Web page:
Last week I <a href=http://blogs.computerworlduk.com/open-enterprise/2012/11/is-frand-dying/index.htm>wrote a piece suggesting that FRAND is dying. It was written in the wake of the major <a href=http://blogs.computerworlduk.com/open-enterprise/2012/11/finally-uk-open-standards-are-rf-not-frand/index.htm>UK decision on open standards, and was mostly based on odd bits of anecdotal evidence. So I was rather pleased to learn from <a href=http://techrights.org/2012/11/08/monopolists-with-frand/>Techrights that Spain made a similar decision some years back, something I missed at the time.
It’s found in "<a href=https://www.boe.es/buscar/doc.php?id=BOE-A-2007-12352>Ley 11/2007, de 22 de junio, de acceso electrÃ³nico de los ciudadanos a los Servicios PÃºblicos", that is, regarding electronic access to public services. Throughout the document the term “open standards” is used, and this is defined in the Annex as follows:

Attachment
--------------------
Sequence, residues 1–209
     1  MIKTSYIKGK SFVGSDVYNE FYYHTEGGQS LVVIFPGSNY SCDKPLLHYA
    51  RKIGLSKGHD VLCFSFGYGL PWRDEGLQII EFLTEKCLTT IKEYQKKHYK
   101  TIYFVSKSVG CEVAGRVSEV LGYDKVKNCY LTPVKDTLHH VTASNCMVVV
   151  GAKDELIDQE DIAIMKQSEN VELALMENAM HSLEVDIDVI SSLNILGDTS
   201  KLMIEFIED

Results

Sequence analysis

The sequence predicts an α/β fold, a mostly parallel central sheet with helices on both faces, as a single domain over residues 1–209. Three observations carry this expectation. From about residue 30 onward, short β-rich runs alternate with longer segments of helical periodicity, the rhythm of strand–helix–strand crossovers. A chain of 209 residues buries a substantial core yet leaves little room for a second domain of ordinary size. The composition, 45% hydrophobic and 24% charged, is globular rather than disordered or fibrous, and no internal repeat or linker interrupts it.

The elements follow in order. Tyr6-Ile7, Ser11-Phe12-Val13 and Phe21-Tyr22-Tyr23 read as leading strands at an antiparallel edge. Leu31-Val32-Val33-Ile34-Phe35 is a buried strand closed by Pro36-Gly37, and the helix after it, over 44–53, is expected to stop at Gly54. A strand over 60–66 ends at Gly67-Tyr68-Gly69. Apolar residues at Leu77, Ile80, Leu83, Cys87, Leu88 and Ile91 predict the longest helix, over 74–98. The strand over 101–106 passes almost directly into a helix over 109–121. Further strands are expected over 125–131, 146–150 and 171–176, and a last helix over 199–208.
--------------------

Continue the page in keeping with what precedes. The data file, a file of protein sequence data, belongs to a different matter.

su uso y aplicaciÃ³n no estÃ© condicionado al pago de un derecho de propiedad intelectual o industrial.
That is, its use and application are not conditional on payment for any intellectual or industrial right – RF, not FRAND.
Of course, this is only one more example, and not in itself likely to have an earth-shattering impact (not least because non-open standards are also permitted under the Spanish law.) But taken cumulatively, I believe that these individual definitions specifying RF rather than FRAND do indeed add up to a major shift in computer standards. I predict we’ll be seeing many more of them in the future.